Post smolt netting and tagging of sea trout in estuaries

 

Sweep netting is carried out on the estuaries and all trout of a certain size are tagged. At present very little is known about sea trout habitat use during the marine phase of its lifecycle, and recaptured fish give information on growth rates and marine migrations. Numbers of sea lice on each fish are also recorded allowing comparisons with neighbouring fish farms as part of the assessment of the affects of these farms on wild salmonids.

 

How and why?

 

Post-smolt netting takes place between March and October during low tide. The Laxford and Polla estuaries and the Kyle of Durness are sampled monthly where possible (depending on tides and numbers of volunteers). A 50 metre sweep net is hand pulled across the estuary in a large circle to give one sweep of the area. All fish caught are transferred to baskets and anaesthetised for ease of processing. Whilst sea trout is the target species, other fish including sticklebacks, flounders and lumpsuckers are often caught as bycatch. All fish are released back into the estuary upon recovery.

Netting started in 1997 as part of a project compiling information relating to sea trout population dynamics in the local area. The monitoring of post-smolts was originally designed to give an indication of the migrations and growth rates of sea trout during their marine phase. The tagging of individual fish, along with measurements taken at capture, gave baseline data from which to assess growth and movements following recapture by nets or rod and line. Additional information about sea lice burdens on trout has also provided an analysis of the relationship between fish farms and sea trout. Sea lice counts are now one of the main parts of the project with the tagging of fish providing more information.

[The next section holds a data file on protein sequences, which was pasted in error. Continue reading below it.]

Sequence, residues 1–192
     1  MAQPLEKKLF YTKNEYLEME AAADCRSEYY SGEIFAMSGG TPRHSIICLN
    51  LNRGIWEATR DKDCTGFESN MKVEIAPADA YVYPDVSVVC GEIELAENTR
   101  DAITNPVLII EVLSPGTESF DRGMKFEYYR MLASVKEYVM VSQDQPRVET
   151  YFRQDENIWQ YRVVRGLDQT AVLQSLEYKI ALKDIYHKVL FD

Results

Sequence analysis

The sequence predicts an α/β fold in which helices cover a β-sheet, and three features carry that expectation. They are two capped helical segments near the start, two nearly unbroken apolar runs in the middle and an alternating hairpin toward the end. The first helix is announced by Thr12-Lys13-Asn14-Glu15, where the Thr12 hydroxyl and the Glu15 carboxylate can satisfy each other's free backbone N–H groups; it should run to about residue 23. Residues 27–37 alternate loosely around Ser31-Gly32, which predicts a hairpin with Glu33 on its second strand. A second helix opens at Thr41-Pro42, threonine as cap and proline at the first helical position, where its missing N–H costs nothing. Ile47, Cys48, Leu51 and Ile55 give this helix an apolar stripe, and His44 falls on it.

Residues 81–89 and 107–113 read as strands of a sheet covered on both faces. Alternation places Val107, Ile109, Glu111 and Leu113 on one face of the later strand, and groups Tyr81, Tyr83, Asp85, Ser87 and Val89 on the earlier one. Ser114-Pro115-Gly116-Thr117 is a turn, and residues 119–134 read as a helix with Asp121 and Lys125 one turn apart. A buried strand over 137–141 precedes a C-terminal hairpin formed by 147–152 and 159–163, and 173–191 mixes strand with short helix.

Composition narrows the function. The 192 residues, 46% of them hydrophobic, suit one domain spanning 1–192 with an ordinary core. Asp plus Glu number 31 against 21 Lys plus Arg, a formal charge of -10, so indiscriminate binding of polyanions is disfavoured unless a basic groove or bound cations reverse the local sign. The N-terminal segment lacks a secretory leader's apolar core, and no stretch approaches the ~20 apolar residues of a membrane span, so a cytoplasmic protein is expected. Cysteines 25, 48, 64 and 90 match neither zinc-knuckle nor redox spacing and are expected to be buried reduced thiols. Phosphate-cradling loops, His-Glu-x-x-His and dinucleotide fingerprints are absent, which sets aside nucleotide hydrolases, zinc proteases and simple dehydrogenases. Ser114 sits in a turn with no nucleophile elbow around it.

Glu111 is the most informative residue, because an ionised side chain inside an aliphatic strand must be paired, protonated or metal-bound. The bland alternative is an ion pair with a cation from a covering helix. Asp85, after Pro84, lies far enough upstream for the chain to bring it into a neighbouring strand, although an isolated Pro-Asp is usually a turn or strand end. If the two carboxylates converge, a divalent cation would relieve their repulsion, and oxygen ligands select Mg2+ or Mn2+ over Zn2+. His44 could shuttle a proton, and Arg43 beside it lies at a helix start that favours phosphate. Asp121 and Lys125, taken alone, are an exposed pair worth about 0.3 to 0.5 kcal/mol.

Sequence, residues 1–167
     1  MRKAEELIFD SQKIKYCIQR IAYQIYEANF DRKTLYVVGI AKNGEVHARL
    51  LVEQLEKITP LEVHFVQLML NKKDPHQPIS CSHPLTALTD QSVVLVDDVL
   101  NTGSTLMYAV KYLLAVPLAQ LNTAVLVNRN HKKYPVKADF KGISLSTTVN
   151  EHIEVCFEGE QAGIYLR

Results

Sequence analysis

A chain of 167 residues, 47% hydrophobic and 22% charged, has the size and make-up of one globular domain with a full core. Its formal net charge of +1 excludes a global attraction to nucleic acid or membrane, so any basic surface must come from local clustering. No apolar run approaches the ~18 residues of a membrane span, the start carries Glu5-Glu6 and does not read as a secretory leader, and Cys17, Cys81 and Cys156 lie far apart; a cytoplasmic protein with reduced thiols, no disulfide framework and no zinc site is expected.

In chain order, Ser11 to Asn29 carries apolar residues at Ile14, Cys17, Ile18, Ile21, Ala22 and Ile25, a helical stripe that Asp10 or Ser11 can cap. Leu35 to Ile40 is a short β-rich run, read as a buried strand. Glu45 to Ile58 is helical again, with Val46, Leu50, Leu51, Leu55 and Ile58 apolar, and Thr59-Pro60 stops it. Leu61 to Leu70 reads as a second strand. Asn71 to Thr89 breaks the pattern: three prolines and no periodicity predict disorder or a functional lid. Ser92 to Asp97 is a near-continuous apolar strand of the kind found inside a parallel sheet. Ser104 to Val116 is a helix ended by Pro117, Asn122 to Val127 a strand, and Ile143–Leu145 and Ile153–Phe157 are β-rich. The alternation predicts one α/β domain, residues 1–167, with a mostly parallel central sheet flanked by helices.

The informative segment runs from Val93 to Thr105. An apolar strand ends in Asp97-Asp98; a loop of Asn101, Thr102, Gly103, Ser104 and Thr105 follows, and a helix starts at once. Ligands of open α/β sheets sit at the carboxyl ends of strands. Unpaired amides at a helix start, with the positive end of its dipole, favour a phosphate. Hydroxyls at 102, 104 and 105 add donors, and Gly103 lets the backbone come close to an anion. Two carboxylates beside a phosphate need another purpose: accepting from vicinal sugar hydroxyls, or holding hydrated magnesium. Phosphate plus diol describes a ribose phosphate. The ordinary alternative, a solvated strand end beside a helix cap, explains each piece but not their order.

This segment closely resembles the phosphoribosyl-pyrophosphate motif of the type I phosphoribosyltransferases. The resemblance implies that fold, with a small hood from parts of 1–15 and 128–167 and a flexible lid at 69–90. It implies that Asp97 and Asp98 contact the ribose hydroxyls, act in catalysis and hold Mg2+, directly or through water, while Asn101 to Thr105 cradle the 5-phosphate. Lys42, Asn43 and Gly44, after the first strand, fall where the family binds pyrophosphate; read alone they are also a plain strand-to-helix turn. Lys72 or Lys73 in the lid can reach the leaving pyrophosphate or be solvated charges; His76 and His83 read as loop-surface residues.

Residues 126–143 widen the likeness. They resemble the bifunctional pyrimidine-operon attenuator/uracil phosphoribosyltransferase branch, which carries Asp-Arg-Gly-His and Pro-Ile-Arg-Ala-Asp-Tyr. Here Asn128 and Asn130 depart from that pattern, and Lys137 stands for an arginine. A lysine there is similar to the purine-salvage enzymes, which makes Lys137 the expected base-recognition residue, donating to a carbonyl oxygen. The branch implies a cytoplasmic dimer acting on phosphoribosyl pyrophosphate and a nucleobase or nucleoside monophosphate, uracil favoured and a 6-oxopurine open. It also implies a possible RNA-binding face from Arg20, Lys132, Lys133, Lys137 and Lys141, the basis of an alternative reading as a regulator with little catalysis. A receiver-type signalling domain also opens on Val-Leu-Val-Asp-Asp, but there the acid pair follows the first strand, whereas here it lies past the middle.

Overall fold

Click here to see a video of sweep netting in action! With aerial footage and fish release.

 

 

 

post smolt netting 01
 
     
post smolt netting 02
 

 

 

post smolt netting 03
 
     
post smolt netting 04
 

 

Fish scale

Fish scale

Processing the catch

Processing the catch

Processing Fish:

 

Each fish yields a lot of information:

Sea lice counts - two types of sea louse are found on salmonids, Caligus elongatus (sea louse) and more commonly Lepeophtherius salmonis (salmon louse). Lice on each fish are counted and the species and life stages (chalimus, mobile, adult, gravid female) noted. The information is shared with the neighbouring fish farm and used for management purposes.

 

VI tag

VI tag

Counting sea lice

Counting sea lice

Length and weight - these can be used to determine the condition index and give an idea of the health of the fish. These measurements will be also be used as a baseline from which to calculate growth rates should the fish be recaptured in the future.

 

Scale samples - scales taken from just behind the dorsal fin above the lateral line are used to age the fish by counting the dark bands of winter growth. We can also find out if the fish have spawned by looking at the scales.

Tags - each fish is tagged with a Visible Impact (VI) tag behind the eye. Recaptures give information on marine migrations and growth rates.

 

 

Some interesting facts:

 

J77 is released

J77 is released

The oldest fish - J77, recaptured in the Polla estuary on 27th May 2013, eight years after being tagged as a three year old smolt in 2005. The second oldest fish, K56 was recaptured 5 years after tagging.

The most travelled - G33 was captured in the River Hope 6 weeks after being tagged in the Laxford estuary.

The most recaptured in one year - I20 was taken 3 times in the Polla in 2010.

Reports detailing netting results are available under publications.

 

 

 

 

 

 
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